Communication is key between colorists and hairstylists

July 10, 2011 | 10:17 AM
When a salon is departmentalized, colorists work strictly on color and hairstylists specialize in hair cutting and hairstyling. But, as we learn in school, color placement greatly relies on knowing the finished look in mind. Color is meant to complement the shape and style -- so communication from stylist to colorist is key.

"The importance of communication needs to always revolve around the expected end result," says Fabio Sementilli, Creative Director of Education and Shows for North America P&G Salon Professionals. So who makes the call? Whose vision is executed?

"Traditionally the cutter/stylist leads the way and must be able to decipher the order of operations after the consultation," Sementilli says. "As a rule, the cutter/stylust is the one who determines whether or not the colorist or cutter begins working on the client."

First Chair: What's it like coming from a school setting performing all hair services and then moving into a departmentalized salon?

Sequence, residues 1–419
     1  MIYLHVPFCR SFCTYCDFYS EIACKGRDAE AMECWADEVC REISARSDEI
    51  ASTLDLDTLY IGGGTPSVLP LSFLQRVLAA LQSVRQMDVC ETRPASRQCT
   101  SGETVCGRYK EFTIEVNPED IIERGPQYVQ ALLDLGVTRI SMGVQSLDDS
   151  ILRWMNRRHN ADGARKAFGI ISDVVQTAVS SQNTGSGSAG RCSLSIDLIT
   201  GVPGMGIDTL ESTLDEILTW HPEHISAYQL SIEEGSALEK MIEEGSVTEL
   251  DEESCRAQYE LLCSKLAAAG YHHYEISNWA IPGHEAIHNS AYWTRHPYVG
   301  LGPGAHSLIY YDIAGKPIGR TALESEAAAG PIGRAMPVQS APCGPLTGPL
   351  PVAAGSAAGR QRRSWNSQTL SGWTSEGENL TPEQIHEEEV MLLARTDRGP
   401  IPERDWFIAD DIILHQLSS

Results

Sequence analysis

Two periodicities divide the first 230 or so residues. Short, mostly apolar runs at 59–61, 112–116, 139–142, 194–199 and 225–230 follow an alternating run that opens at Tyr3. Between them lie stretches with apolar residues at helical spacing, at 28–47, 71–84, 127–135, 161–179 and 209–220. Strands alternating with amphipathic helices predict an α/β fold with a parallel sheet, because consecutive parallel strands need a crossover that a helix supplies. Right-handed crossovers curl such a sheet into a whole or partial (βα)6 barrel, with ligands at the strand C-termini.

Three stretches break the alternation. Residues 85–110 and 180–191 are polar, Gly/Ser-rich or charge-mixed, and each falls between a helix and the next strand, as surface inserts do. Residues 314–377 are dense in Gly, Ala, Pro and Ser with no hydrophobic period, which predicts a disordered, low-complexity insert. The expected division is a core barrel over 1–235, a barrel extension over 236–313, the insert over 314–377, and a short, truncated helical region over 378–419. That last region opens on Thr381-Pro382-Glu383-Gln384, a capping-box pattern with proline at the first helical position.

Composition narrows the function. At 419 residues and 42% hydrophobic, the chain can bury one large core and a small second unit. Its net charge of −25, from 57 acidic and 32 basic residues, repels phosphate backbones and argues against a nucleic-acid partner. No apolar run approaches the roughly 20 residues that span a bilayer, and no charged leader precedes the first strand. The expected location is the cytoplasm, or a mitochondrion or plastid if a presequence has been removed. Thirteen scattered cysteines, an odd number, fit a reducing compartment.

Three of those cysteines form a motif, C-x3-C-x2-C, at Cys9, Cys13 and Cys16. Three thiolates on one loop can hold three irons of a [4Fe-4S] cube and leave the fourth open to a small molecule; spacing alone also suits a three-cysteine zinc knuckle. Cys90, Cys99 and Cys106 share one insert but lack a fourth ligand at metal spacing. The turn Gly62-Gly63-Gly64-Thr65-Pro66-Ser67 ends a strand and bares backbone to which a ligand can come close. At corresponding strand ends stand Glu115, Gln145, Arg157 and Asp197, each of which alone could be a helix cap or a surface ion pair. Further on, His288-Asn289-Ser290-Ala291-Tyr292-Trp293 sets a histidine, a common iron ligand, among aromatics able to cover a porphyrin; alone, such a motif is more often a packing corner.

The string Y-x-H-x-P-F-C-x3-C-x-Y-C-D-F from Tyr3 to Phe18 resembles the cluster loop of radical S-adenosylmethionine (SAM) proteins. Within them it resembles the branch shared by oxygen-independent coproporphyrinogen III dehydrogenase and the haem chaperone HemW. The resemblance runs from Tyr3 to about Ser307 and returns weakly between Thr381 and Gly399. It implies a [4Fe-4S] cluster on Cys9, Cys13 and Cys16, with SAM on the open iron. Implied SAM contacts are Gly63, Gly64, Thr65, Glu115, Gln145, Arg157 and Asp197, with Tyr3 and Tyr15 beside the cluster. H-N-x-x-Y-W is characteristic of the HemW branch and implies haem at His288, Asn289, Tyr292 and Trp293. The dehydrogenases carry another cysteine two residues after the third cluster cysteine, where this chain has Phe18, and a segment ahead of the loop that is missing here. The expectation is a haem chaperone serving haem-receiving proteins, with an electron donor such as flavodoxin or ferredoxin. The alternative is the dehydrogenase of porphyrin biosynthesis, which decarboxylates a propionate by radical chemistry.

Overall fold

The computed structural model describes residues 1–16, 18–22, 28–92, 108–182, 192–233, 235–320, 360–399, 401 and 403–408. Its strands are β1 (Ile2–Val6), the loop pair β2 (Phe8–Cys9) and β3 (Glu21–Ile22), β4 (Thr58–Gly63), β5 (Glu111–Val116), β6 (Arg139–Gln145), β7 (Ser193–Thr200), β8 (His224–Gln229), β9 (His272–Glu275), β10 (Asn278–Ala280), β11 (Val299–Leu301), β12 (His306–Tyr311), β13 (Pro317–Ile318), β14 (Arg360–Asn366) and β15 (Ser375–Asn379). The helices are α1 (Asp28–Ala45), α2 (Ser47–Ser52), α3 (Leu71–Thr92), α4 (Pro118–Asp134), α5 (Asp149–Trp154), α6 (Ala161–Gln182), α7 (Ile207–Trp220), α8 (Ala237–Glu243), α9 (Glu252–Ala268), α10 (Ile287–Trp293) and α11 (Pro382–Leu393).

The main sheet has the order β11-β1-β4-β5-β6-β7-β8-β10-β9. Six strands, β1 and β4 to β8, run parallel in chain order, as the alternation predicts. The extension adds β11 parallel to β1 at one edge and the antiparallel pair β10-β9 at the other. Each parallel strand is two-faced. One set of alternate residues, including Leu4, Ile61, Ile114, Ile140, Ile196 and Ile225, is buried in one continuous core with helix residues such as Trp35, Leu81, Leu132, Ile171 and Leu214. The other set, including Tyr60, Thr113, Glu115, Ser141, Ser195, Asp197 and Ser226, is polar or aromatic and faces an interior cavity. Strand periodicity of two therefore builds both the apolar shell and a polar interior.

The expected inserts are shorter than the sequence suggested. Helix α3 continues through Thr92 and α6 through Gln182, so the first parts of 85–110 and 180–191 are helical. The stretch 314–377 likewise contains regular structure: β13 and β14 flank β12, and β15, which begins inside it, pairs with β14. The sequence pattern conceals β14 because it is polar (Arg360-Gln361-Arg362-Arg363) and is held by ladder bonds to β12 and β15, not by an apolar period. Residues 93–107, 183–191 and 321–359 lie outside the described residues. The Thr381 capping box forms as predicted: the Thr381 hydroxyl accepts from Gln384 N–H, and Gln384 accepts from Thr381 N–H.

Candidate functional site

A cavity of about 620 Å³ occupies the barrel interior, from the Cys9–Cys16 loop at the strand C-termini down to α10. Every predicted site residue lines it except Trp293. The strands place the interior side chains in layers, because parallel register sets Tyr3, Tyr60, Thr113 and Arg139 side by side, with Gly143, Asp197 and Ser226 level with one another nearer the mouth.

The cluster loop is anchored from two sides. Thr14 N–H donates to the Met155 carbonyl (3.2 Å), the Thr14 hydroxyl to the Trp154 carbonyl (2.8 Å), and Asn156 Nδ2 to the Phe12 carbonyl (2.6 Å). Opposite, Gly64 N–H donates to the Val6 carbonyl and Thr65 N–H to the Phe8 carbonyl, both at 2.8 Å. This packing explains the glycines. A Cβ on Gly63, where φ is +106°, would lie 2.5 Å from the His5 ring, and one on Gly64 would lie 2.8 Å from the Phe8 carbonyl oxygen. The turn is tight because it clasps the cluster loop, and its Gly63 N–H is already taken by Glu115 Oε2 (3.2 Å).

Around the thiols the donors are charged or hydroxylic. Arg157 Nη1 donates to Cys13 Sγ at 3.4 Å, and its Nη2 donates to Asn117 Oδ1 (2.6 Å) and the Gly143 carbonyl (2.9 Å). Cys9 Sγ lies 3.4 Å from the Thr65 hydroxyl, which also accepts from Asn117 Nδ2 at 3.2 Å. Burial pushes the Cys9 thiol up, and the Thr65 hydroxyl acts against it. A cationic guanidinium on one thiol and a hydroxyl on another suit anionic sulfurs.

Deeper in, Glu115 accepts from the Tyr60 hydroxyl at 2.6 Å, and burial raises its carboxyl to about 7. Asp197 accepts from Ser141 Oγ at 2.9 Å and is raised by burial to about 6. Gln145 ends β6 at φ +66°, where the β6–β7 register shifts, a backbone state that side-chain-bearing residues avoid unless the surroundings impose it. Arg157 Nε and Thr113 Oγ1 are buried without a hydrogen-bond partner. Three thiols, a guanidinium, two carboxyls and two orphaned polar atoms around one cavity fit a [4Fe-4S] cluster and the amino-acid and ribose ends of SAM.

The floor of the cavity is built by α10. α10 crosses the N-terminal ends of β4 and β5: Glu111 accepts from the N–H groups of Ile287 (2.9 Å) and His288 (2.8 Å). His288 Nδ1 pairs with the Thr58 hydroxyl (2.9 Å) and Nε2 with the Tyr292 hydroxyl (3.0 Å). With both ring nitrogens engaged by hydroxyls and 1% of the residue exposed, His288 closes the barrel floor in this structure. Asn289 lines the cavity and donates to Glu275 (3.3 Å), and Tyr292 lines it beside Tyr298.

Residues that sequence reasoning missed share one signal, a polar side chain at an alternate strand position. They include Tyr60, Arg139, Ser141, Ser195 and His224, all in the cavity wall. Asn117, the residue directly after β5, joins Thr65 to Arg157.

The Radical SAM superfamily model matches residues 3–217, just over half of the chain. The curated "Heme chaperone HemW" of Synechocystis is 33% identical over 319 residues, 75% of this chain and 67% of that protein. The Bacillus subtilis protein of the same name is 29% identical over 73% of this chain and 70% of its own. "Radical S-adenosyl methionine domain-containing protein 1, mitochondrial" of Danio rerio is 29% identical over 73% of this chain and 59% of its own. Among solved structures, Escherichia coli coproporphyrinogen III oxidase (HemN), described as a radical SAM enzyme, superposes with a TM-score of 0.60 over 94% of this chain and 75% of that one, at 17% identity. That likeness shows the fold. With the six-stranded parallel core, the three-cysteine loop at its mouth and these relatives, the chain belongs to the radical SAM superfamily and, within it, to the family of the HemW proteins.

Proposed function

Fabio Sementilli: Graduating students are so new in the industry and the learning curve that they haven't yet built a strong attachment to either system. When the majority of graduating students find a first job, most begin with assistant/support duties so they don't necessarily begin applying their craft immediately -- giving new grads time to adjust. The transition from full-service stylist into departmentalized stylist/colorist only becomes difficult if the new professional is forced into a department not of their choice.

First Chair: Why do salons departmentalize?
Sementilli: When hair color became a more prominent service in the salon, in the late '60s and '70s, the work of a stylist was much different. They were working on more clients per day because the main service was 5-10 minute roller sets. Fast pace and speed was critical -- the fix to a slow color service was having assistants begin to apply the color. As the shade selection was much more simple than they are today, along with very simple than they are today, along with very simple application techniques. Now, departmentalization is popular because it minimizes risk for salons. If a stylist has a full roster of clients, he/she becomes both a valuable and dangerous asset. If they leave the salon, they hurt the business. By separating the two core services, cut and color, there is less risk to the salon of losing the client if the service provider leaves.

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